Under ideal circumstances, gestalt therapy can help people deal with so-called “unfinished business." This would include any unpleasant pent-up emotions or hang-ups coming from past experiences or current difficulties. The goal of the therapy is to allow people to make decisions based on their true motives, rather than constantly suppressing things or trying to live up to unreasonable external standards. Therapists in the gestalt method are generally trying to change a patient’s entire life by focusing on every aspect of his mental state.

Gestalt therapy differs from many other kinds of therapy in its tendency to focus on what people are feeling in the present. Many therapeutic approaches tend to spend a lot of time worrying about a patient's past and looking for events that may be triggering current behavior. Gestalt therapists do this too, but they tend to do it in a more forward-looking way by focusing on how past events make somebody feel on a day-to-day basis and getting rid of any pent-up emotions.

Experts in gestalt therapy use a wide variety of different techniques to help their patients. Some of the techniques might be considered unusual by other therapy schools. For example, these therapists may focus a lot on physical sensations associated with an emotion and trying to teach patients what those sensations mean. Ideally, once patients know what their sensations mean, they can act on them in a positive way and deal with their inner turmoil.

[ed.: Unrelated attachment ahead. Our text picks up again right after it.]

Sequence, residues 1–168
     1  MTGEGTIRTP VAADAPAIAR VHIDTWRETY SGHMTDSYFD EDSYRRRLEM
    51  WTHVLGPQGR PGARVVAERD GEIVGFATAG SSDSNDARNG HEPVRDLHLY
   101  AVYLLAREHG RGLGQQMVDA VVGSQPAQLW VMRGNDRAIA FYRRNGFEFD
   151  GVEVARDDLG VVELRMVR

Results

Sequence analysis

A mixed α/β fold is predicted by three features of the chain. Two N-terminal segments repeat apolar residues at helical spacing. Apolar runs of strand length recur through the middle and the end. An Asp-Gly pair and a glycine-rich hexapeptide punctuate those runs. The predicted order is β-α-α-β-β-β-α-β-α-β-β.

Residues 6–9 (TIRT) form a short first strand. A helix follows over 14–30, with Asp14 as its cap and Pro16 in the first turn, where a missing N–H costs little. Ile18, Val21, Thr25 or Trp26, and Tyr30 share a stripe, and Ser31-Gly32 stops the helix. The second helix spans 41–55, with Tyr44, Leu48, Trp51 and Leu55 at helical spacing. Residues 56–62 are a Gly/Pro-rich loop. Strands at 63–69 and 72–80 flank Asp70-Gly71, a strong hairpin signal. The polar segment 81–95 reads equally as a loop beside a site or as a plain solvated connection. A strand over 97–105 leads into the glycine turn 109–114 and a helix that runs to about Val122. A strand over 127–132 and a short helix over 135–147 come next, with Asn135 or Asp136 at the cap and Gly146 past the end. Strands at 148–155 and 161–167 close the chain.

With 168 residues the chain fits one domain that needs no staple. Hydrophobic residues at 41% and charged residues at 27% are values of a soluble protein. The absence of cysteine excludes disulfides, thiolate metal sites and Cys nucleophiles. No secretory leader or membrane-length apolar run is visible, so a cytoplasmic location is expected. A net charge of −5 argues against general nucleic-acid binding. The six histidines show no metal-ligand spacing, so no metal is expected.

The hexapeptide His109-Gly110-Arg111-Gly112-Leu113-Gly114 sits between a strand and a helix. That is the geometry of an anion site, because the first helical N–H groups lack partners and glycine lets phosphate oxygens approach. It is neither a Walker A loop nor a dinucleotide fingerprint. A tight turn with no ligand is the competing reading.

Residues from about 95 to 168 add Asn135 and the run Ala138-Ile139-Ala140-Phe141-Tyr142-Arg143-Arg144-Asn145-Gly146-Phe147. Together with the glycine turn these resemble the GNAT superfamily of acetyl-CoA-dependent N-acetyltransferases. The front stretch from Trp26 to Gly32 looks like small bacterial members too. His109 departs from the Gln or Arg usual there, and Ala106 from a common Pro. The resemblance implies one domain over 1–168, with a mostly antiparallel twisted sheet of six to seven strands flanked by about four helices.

One of the more famous methods used in gestalt therapy is role-play. This is a key technique for gestalt therapists in teaching patients to deal with their past. Usually the patient is asked to pretend he is talking to a person from his past and tell that person how he really feels. Patients are generally encouraged to feel as much real emotion during the exercise as possible so that it serves as good simulation.

Gestalt therapy also has a lot of dream analysis included because the therapists believe that dreams are sometimes communicating things about the subconscious mind. Dream therapy may be handled in many different ways, but dream diaries are often a part of it. It’s also common for the therapist to help the patient interpret his dreams.

The inventor of gestalt therapy was a man named Fredrick Perls. It was designed in the 1940s as an alternative to the popular therapeutic methods of the time, which tended to focus more on past experiences. In theory, gestalt therapy was meant to be more practical and produce more immediate results in a person’s current day-to-day existence.

The Health Board is dedicated to providing accurate and trustworthy information. We carefully select reputable sources and employ a rigorous fact-checking process to maintain the highest standards. To learn more about our commitment to accuracy, read our editorial process.

Related Articles

Discussion Comments
The Health Board, in your inbox

Our latest articles, guides, and more, delivered daily.

The Health Board, in your inbox

Our latest articles, guides, and more, delivered daily.